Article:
6. The Principles of Multiple Futures

As the business is operating in a chaotic environment, it is impossible to predict the future. So instead of trying to predict a single outcome, the adaptive manager considers multiple scenarios, which allows him to construct an inventory of solutions and gives him the insight and intelligence to make real-time adjustments to the plan.

It’s because of multiple futures that we need adaptive management in the first place.

 

7. The Principle of Paper Plans

The plan itself is worthless. It is the act of planning, not the plan, that is important. This is because by planning, it educates you and your field managers and so allows you to make intelligent adjustments during implementation. In today’s world, paper plans become obsolete the moment you print them.

 

8. The Principle of Doubt

“Suspicion” is the driver of evolution of a business model, and adaptive managers need to doubt their own forecast and business models. Only the paranoid survive. Don’t be fooled by the power of positive thinking. Positive thinking is like a drug, a little bit of it won’t hurt you but a lot of it can cripple you, make you out of touch with reality and therefore completely ineffective.

 

9. The Principle of Correlation and Causation

We based on a hypothesis for solving our problem. This hypothesis is based on cause and effect. Then we delveop tactics to drive a certain effect. However we must be careful in using correlation to measure the results, as we can be misled by lurking variables and faculty data. Correlation doesn’t always mean causation.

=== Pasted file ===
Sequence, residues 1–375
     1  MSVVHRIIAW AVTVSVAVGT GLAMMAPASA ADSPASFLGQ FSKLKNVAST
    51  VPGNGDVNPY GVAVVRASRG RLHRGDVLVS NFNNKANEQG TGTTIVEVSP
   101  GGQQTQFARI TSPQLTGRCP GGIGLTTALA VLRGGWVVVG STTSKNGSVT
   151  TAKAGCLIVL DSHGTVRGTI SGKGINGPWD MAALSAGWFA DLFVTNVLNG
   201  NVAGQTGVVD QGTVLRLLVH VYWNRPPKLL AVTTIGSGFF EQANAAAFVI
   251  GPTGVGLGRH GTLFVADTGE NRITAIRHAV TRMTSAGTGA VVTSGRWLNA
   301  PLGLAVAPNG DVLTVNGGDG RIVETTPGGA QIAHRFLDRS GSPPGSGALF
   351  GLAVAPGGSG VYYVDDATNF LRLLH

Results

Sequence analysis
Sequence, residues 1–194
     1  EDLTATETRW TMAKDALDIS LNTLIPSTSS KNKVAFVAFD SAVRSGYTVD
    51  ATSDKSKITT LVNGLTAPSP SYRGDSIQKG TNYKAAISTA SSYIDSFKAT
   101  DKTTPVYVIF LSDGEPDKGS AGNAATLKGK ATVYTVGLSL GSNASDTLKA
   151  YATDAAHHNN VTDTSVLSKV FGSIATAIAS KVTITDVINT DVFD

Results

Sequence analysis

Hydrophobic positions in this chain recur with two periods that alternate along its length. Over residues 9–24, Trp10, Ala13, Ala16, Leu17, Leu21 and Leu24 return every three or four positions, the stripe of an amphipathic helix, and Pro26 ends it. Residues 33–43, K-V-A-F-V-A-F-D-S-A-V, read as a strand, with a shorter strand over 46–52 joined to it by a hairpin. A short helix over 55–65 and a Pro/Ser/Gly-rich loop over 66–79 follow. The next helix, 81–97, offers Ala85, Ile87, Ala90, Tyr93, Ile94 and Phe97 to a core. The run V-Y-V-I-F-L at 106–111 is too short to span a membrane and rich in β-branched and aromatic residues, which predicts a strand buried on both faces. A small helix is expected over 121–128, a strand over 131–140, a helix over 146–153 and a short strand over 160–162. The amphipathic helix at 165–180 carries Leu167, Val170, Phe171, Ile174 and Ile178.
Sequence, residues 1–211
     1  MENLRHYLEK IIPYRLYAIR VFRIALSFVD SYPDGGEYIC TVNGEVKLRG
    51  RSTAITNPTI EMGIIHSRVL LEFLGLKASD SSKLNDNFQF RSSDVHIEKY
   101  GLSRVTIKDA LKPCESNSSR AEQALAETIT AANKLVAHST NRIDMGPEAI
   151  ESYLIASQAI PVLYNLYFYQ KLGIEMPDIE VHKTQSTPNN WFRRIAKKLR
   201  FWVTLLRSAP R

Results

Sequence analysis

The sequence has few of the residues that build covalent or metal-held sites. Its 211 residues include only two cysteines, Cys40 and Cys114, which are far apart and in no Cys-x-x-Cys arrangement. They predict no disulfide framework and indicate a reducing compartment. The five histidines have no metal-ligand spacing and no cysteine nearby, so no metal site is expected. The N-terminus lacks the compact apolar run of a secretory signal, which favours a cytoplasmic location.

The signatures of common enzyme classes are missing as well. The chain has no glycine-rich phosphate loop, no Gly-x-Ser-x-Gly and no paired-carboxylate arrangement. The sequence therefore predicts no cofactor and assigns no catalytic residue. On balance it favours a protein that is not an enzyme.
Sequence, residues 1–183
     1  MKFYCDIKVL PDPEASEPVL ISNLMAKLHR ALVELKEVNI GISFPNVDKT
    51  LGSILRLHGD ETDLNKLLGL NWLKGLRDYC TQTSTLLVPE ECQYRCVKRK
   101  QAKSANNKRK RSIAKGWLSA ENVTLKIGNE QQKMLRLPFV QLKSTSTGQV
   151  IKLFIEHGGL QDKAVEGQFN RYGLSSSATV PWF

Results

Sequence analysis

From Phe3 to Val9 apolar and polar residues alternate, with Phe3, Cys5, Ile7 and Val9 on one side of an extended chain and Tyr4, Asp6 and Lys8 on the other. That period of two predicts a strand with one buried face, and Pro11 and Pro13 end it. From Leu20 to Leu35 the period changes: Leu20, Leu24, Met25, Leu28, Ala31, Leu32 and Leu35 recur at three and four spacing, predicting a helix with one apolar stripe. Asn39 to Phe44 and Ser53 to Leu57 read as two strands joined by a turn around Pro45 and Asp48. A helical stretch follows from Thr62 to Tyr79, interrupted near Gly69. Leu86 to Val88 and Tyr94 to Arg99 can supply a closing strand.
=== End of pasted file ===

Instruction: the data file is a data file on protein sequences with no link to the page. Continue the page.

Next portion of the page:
Example an international study cited by the National Cable and Telecommunications Association showed that there’s a direct correlation between the number of television sets in the home and life expectancy. It seems that watching TV makes you live longer.

Well as a matter of fact, watching TV doesn’t increase life expectancy. There is a lurking variable called “wealth” – people who have more money buy more televisions and also have access to better health care, chlorinated water and better nutrition. People in Angola and Bangladesh don’t have TVs in every room.

 

10. The Principle of Alterations

There are two ways a business model evolves from Plan A to Plan B. The first is the principle of strategic alterations – using existing tactics to solve a new problem. Arm & Hammer use baking soda to absorb refrigerator odor as a form of strategic evolution.

The second is the principle of tactical alterations, example new tactic to solve existing problem example Gillette add more blades to its razor.

 

11. The Principle of Strategic Debate

This is a question of corporate culture. Most large organizations demand blind adherence to the corporate mission statement and corporate plan.  By creating corporate rigidity, it kills the ability to evolve. Adaptive managers encourage dissension and debate, creating a fluid corporate culture intent on improvement.